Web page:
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Title:
SUPPORTIVE NANOFIBRILLAR CELLULOSE SCAFFOLD FOR EXPANDING CELLS
Document Type and Number:
WIPO Patent Application WO/2018/234634
Kind Code:
A1
Abstract:
The present invention is related to methods and materials for culturing expanding cells in a three-dimensional culture. The material comprises plant-derived anionic nanofibrillar cellulose, wherein the anionic nanofibrillar cellulose is in a form of hydrogel. The invention also provides methods for producing materials and compositions comprising plant-derived anionic nanofibrillar cellulose.

Inventors:
NUOPPONEN, Markus (Juutinraumankatu 6 B 29, Helsinki, 00220, FI)
PAASONEN, Lauri (Tuluskuja 9, Järvenpää, 04440, FI)
NARKILAHTI, Susanna (Utukanpolku 18, Kangasala, 36200, FI)
JOKI, Tiina (Lipontie 312, Lempäälä, 37500, FI)
YLÄ-OUTINEN, Laura (Hupakankorvenkatu 3 K 20, Tampere, 33870, FI)
Application Number:
FI2018/050478
Publication Date:
December 27, 2018
Filing Date:
June 19, 2018
Export Citation:
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Assignee:
UPM-KYMMENE CORPORATION (Alvar Aallon katu 1, Helsinki, 00100, FI)
International Classes:
C12N5/0793; C08B15/00; C08L1/02; C09D101/02; D21H11/20
Domestic Patent References:
WO2014049204A12014-04-03
WO2014068196A22014-05-08
WO2015011337A12015-01-29
WO2004007683A22004-01-22
WO2009126980A12009-10-22
WO2015015056A12015-02-05
WO2009084566A12009-07-09
Foreign References:
US7449180B22008-11-11
US5254471A1993-10-19
EP1970436B12012-05-23
EP2633032B12015-02-25
EP2633033B12016-04-06
US9593304B22017-03-14
EP2782937A12014-10-01
Other References:
VIVIANA R. LOPES ET AL: "In vitro biological responses to nanofibrillated cellulose by human dermal, lung and immune cells: surface chemistry aspect", PARTICLE AND FIBRE TOXICOLOGY, vol. 14, no. 1, 10 January 2017 (2017-01-10), XP055415098, DOI: 10.1186/s12989-016-0182-0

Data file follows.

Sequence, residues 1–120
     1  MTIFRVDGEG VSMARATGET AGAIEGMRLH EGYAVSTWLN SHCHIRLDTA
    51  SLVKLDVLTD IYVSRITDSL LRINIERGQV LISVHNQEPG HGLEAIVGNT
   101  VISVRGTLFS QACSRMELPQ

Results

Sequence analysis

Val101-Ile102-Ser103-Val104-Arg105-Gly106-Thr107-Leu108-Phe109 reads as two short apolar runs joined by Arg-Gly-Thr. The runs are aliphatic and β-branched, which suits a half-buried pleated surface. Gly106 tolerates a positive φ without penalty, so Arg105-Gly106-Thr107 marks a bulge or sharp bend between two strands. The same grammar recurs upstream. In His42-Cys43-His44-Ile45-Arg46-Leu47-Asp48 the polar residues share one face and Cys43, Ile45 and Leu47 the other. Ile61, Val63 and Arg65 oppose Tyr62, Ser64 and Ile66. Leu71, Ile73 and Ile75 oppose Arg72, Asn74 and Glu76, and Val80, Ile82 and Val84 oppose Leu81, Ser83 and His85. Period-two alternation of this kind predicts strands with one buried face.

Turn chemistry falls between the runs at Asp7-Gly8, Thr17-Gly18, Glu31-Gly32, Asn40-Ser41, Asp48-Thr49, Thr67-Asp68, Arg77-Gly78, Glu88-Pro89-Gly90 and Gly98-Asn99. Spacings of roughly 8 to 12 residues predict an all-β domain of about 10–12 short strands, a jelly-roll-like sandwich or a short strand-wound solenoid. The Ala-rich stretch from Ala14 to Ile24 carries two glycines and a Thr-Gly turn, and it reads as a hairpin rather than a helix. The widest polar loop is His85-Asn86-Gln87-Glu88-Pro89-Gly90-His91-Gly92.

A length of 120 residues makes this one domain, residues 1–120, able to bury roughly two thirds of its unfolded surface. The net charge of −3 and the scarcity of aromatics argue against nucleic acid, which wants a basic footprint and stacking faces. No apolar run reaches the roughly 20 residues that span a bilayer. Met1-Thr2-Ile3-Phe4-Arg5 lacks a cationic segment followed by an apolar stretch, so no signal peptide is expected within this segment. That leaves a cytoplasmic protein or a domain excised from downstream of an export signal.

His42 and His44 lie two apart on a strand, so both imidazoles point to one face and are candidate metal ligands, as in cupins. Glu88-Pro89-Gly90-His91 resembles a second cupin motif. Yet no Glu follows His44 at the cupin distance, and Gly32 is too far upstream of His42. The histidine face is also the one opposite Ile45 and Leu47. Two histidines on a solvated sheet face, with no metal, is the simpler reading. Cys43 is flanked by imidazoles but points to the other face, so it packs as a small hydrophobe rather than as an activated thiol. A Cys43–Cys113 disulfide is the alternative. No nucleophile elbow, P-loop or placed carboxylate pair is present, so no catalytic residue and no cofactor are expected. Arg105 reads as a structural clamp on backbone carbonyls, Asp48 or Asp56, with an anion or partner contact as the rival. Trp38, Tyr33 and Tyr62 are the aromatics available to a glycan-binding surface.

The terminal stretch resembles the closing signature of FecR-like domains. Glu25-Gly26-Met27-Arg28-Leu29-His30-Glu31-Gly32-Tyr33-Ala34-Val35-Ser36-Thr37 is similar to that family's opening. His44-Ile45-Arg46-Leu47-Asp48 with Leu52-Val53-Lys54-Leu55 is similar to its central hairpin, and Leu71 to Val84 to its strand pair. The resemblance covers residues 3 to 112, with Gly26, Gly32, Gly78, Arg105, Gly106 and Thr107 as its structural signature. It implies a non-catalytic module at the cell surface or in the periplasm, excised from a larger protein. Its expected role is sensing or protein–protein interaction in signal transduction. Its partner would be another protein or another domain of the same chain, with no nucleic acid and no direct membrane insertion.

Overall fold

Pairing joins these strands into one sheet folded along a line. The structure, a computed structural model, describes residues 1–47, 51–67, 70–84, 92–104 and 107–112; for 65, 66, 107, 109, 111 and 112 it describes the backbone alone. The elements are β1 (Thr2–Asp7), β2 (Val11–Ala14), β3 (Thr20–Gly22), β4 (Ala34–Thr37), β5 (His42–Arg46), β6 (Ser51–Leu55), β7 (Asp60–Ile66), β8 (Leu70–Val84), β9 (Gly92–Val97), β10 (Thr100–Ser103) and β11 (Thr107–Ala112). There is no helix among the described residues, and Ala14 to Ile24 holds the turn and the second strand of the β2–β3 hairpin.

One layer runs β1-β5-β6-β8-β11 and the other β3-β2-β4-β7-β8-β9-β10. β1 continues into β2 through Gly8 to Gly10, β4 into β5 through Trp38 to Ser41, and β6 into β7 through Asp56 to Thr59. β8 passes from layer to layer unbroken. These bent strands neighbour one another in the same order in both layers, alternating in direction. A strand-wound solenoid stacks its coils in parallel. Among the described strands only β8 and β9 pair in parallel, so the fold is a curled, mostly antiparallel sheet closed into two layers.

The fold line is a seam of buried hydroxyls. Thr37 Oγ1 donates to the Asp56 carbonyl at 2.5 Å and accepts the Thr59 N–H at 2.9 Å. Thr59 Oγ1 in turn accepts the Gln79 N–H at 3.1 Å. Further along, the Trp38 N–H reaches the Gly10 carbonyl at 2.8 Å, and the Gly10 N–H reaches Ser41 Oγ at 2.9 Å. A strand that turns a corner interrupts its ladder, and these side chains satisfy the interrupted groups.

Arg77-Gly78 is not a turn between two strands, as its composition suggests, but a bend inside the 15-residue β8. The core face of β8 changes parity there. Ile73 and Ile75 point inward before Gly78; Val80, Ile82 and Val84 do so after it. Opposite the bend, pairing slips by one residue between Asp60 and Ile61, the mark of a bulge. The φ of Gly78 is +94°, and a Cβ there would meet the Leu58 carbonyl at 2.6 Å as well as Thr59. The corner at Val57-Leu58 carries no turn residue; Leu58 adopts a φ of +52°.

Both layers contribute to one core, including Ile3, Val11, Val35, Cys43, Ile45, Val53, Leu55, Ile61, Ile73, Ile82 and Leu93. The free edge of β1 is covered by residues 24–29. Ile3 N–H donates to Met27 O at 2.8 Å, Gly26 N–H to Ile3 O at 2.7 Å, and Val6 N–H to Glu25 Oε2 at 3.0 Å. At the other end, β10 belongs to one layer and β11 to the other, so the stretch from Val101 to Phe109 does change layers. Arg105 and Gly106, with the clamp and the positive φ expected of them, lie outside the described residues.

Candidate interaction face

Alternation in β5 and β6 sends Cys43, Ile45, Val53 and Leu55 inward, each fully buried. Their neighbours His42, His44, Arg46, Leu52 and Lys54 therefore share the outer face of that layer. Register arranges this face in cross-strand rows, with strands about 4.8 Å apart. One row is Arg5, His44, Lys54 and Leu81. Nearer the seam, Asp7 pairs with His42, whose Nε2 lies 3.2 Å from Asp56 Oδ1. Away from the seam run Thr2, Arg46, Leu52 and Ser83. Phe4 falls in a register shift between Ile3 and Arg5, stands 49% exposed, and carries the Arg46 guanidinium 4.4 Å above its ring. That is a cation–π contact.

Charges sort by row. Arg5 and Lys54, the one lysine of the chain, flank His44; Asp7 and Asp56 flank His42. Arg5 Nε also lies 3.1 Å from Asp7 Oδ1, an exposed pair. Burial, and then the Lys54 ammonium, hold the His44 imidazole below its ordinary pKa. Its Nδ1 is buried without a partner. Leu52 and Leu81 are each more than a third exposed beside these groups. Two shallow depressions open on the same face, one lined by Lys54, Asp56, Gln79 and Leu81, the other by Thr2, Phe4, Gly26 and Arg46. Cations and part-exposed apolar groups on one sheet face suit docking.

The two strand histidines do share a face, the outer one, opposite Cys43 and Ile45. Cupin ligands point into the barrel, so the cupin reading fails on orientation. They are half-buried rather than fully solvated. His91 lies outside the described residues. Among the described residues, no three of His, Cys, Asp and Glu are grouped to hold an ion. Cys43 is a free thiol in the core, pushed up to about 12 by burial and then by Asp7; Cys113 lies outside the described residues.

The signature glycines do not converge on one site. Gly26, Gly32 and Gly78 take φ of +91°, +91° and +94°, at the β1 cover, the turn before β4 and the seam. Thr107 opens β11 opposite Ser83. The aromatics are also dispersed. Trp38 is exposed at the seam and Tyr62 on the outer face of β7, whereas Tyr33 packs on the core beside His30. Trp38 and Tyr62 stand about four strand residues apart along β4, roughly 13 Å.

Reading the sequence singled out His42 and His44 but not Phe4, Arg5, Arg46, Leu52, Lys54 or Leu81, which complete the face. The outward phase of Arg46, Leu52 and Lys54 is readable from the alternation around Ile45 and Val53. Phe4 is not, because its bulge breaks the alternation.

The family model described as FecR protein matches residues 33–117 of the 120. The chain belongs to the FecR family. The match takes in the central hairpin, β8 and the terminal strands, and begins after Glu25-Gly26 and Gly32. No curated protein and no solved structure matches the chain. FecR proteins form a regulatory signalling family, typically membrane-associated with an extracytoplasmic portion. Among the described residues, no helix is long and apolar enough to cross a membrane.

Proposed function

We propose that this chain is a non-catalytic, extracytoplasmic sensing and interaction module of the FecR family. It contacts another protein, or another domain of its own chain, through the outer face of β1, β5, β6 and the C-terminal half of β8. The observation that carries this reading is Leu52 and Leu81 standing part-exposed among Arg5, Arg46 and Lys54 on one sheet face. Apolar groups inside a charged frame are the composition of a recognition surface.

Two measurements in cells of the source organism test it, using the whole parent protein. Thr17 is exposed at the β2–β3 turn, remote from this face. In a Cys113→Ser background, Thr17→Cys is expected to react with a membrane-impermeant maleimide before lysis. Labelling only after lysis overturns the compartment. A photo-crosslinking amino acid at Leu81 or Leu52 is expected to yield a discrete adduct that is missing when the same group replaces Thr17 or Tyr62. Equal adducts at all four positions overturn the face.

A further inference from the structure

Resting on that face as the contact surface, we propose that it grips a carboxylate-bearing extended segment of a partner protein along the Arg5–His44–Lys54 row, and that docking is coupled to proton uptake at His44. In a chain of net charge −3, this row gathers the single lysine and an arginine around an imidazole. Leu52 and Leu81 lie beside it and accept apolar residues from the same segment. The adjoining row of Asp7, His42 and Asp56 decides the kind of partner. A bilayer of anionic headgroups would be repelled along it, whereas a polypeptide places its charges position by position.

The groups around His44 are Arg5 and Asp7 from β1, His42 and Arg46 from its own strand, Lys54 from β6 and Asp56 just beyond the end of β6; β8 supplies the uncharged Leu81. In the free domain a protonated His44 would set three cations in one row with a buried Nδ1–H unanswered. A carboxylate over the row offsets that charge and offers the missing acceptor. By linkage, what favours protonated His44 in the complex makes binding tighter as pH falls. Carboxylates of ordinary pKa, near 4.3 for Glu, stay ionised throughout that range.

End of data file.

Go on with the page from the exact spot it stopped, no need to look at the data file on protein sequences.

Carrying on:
AHOLA, S.; TURON, X.; OSTERBERG, M.; LAINE, J.; ROJAS, O.J.: "Enzymatic hydrolysis of native cellulose nanofibrils and other cellulose model films: effect of surface structure", LANGMUIR, vol. 24, 2008, pages 11592 - 11599, XP055082165, DOI: doi:10.1021/la801550j
HOFFMAN, A.S.: "Hydrogels for biomedical applications", ADVANCED DRUG DELIVERY REVIEWS, vol. 54, no. 1, 2002, pages 3 - 12, XP002294912
GECKIL, H.; XU, F.; ZHANG, X.; MOON, S.; DEMIRCI, U.: "Engineering hydrogels as extracellular matrix mimics", NANOMEDICINE (LOND, vol. 5, no. 3, 2010, pages 469 - 84
KOIVISTO, J.T.; JOKI, T.; PARRAGA, J.; PAAKKONEN, R.; YLA-OUTINEN, L.; SALONEN, L.; JONKKARI, I. ET AL.: "Bioamine-Crosslinked Gellan Gum Hydrogel for Neural Tissue Engineering", BIOMEDICAL MATERIALS, February 2017 (2017-02-01), pages 1 - 38
KUTHCARLAPATI ET AL., METALS MATERIALS AND PROCESSES, vol. 20, no. 3, 2008, pages 307 - 314
LAPPALAINEN, R.S.; SALOMAKI, M.; YLA-OUTINEN, L.; HEIKKILA, T.J.; HYTTINEN J.K.; PIHLAJAMAKI, K.; SUURONEN, R.; SKOTTMAN, H.; NARK: "Similarly Derived and Cultured hESC Lines Show Variation in Their Developmental Potential towards Neuronal Cells in Long-Term Culture", REGENERATIVE MEDICINE, vol. 5, no. 5, 2010, pages 749 - 62
NISBET DR; CROMPTON KE; HOME MK ET AL.: "Neural tissue engineering of the CNS using hydrogels", J BIOMED MATER RES B APPL BIOMATER, vol. 87, 2008, pages 251 - 263, XP055042693, DOI: doi:10.1002/jbm.b.31000
YLA-OUTINEN, L.; JOKI, T.; VARJOLA, M.; SKOTTMAN, H.; NARKILAHTI, S.: "Three-Dimensional Growth Matrix for Human Embryonic Stem Cell-Derived Neuronal Cells", JOURNAL OF TISSUE ENGINEERING AND REGENERATIVE MEDICINE, vol. 8, no. 3, 2014, pages 186 - 94
Attorney, Agent or Firm:
BOCO IP OY AB (Itämerenkatu 5, Helsinki, 00180, FI)
Download PDF:
Claims:
CLAIMS

1. A composition for culture of expanding cells, said composition comprising 0.05 - 0.5 wt% of plant-derived anionic nanofibrillar cellulose, in a form of hydrogel.

2. The composition according to claim 1, wherein the cells grow protrusions or projections.

3. The composition according to claim 1 or 2, wherein the cells are neuronal cells.

4. The composition according to any of claims 1 - 3, wherein the composition comprises 0.05 - 0.35 wt% of nanofibrillar cellulose.

5. The composition according to any of claims 1 - 4, wherein said plant-derived anionic nanofibrillar cellulose comprises nanofibrillar cellulose manufactured from oxidized cellulosic raw material having a carboxylate content above 0.5 mmol/g, preferably 0.5 - 1.6 mmol/g, more preferably 0.65 - 1.4 mmol/g, even more preferably 0.75 - 1.2 mmol/g based on the weight of the cellulosic raw material.

6. The composition according to any of claims 1 - 5, wherein said plant-derived anionic nanofibrillar cellulose comprises nanofibrillar cellulose manufactured from carboxymethylated cellulosic raw material having a degree of substitution above 0.1, preferably between 0.1 and 0.3, more preferably between 0.12 and 0.2.